Adversarial Testing

Adversarial testing involves proactively trying to "break" your application. The goal is to identify points of weakness so that you can take steps to remedy them.

Adversarial testing is a method for systematically evaluating an ML model with the intent of learning how it behaves when provided with malicious or inadvertently harmful input:

  • An input is malicious when the input is clearly designed to produce an unsafe or harmful output – for example, asking a text generation model to generate a hateful rant about a particular religion.
  • An input is inadvertently harmful when the input itself may be innocuous, but produces harmful output – for example, asking a text generation model to describe a person of a particular ethnicity and receiving a racist output.

Adversarial testing has two primary objectives: to help teams systematically improve models and products by exposing current failure patterns, and guide mitigation pathways, and to inform product decisions by assessing alignment to safety product policies and by measuring risks that may not be fully mitigated.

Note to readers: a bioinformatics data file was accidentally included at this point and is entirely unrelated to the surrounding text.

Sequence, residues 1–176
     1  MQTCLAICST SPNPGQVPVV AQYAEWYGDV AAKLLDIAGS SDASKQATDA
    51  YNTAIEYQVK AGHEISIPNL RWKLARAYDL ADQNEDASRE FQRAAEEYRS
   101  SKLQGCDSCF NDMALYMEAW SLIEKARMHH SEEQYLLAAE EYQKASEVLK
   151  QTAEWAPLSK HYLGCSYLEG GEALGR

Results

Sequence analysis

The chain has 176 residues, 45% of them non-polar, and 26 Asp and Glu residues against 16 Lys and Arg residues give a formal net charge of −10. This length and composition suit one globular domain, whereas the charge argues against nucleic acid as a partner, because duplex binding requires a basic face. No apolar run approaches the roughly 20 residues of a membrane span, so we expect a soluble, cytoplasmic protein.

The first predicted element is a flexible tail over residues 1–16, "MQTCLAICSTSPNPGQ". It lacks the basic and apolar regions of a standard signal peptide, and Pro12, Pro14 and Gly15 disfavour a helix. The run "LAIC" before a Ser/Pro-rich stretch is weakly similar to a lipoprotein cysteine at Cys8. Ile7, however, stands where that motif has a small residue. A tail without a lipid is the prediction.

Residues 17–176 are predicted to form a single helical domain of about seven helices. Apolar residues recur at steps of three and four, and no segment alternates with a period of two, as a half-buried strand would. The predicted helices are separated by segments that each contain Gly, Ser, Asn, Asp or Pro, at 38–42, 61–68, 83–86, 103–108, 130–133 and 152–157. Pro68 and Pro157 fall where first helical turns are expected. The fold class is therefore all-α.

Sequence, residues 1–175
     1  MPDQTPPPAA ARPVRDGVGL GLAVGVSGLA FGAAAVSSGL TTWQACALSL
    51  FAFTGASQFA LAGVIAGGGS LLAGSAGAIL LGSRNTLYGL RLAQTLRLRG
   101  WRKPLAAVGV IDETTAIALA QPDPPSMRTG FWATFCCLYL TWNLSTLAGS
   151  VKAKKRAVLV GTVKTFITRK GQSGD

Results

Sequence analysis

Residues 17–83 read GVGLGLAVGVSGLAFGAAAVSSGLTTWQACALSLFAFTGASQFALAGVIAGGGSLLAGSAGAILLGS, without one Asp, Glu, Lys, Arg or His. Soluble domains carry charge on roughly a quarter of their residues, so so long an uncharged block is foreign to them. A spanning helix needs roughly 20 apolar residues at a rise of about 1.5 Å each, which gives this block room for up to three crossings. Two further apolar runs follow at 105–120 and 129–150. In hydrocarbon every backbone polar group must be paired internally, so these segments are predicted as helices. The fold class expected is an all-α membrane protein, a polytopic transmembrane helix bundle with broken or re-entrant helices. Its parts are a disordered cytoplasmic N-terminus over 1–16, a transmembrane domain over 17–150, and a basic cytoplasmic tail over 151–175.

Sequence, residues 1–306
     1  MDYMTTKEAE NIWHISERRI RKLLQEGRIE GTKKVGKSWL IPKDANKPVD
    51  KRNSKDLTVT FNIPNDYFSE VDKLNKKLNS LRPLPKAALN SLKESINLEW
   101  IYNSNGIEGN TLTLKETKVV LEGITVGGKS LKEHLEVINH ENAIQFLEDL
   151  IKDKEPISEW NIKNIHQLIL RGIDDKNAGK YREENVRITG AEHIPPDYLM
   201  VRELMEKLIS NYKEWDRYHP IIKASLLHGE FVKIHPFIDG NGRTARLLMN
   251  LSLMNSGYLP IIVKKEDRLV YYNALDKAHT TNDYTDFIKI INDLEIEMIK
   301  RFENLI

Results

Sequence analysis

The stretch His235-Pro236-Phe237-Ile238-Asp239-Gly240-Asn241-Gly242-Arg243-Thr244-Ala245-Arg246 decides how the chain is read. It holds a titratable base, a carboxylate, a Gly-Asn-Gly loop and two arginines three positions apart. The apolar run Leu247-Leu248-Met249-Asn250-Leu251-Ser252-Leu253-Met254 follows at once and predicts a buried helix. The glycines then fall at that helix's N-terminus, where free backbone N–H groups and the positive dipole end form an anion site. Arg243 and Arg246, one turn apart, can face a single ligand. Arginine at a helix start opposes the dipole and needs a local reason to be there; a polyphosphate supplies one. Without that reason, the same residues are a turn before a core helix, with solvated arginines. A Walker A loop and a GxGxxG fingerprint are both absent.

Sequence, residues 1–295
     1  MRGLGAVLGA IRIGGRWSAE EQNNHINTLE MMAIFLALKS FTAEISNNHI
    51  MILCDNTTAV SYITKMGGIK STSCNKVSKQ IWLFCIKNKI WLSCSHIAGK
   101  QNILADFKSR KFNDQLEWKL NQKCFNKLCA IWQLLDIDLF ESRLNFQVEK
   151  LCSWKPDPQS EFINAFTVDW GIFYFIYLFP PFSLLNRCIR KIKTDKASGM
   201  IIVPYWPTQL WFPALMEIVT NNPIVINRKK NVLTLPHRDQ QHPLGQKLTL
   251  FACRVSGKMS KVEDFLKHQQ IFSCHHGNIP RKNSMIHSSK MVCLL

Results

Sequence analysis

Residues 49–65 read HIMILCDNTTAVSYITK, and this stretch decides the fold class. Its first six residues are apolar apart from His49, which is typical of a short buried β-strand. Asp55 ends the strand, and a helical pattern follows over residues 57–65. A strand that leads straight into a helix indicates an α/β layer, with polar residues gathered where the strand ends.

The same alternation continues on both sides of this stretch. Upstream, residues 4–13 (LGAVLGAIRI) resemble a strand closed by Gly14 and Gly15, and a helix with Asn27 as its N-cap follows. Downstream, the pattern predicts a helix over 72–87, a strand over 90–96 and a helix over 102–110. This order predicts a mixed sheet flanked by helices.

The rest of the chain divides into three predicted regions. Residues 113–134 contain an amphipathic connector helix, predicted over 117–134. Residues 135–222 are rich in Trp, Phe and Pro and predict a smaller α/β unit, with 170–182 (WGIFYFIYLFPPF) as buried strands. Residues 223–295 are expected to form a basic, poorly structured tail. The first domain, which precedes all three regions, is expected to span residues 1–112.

Adversarial testing follows a workflow that is similar to standard model evaluation:

  1. Find or create a test dataset
  2. Run model inference using the test dataset
  3. Annotate model output
  4. Analyze and report results

What distinguishes an adversarial test from a standard evaluation is the composition of the data used for testing. For adversarial tests, select test data that is most likely to elicit problematic output from the model. This means probing the model’s behavior for all the types of harms that are possible, including rare or unusual examples and edge cases that are relevant to safety policies. It should also include diversity in the different dimensions of a sentence such as structure, meaning and length.